Jewish Republican honcho Ari Fleischer rescinds Trump endorsement
Former Bush press secretary says he will leave his presidential ballot blank this year
ed note–as we counseled readers months ago on this website not to let themselves get vexed over ‘endorsements’ from powerful Jews/Jewish organizations for Trump as it was likely all just for show, now the vultures are coming home to roost and showing their true colors, as inevitably all of them must do at some point.
Ari Fleischer, a White House press secretary under President George W. Bush, said he will leave his presidential ballot blank, walking back his endorsement of Donald Trump earlier this year.
Fleischer, who serves on the board of the Republican Jewish Coalition, cited several reasons for his change of heart in a Washington Post op-ed.
“Trump lost control of himself and his message,” Fleischer wrote Friday. “He veered recklessly off track, attacking an American judge for his Mexican heritage, criticizing a war hero’s family, questioning the legitimacy of the election and otherwise raising questions about his judgment.”
In May, Fleischer had endorsed the billionaire real estate magnate, writing on Twitter, “There’s a lot about Donald Trump that I don’t like, but I’ll vote for Trump over Hillary any day.”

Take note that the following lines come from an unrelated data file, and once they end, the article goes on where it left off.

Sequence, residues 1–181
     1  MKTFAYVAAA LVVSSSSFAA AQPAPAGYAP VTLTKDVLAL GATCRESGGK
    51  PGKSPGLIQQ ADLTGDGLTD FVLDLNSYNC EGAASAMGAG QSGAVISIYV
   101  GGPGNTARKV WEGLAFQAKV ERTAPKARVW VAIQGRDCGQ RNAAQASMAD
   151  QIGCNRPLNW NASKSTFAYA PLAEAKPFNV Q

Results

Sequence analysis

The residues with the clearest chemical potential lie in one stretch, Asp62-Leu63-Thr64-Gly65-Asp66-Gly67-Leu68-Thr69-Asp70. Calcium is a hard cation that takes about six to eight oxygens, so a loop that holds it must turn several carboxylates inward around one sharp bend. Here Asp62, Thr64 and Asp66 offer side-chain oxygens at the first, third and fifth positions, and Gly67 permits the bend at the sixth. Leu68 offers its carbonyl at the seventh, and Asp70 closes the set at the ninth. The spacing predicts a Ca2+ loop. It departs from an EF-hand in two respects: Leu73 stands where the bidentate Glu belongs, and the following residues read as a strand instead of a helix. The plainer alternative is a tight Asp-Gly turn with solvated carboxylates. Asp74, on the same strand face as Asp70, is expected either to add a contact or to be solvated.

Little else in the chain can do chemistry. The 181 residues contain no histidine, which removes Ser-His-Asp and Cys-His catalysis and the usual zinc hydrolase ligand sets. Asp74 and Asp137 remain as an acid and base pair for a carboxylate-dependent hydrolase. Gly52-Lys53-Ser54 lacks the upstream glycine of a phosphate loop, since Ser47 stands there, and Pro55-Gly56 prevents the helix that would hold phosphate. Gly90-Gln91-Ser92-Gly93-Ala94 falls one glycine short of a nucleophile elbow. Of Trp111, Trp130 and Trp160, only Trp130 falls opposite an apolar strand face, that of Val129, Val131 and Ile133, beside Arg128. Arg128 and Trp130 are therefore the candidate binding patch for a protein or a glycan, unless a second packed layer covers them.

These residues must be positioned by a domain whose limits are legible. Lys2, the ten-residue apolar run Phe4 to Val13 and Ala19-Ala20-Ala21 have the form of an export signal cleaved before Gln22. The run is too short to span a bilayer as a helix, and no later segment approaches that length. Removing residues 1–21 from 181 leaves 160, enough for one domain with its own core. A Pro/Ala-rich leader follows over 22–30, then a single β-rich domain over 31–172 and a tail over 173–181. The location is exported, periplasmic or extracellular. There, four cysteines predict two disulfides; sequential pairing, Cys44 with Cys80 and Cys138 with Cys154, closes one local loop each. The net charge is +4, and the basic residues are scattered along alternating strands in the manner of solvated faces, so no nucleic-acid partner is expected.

In the Friday op-ed, Fleischer again dismissed voting for Hillary Clinton, the Democratic candidate, calling her “dishonest.”
“I will vote for Republicans up and down the ballot. But when it comes to the presidency, I’m going to leave my ballot blank,” he concluded.
A JTA survey of the Republican Jewish Coalition board showed that more than 80 percent of members have declined to donate to their party’s presidential nominee, either directly or through a body called the Trump Victory Committee, which is jointly run by the campaign and the Republican National Committee. The group endorsed Trump in May.
The numbers from the JTA survey stand in stark contrast to previous election cycles. In 2012 and 2008, the vast majority of the current board members donated to Mitt Romney and John McCain, respectively, with many giving the maximum direct donation of $5,000.
This year, while many of the board members donated to Republican presidential candidates during the primaries, most have kept their wallets closed as Election Day is at hand.
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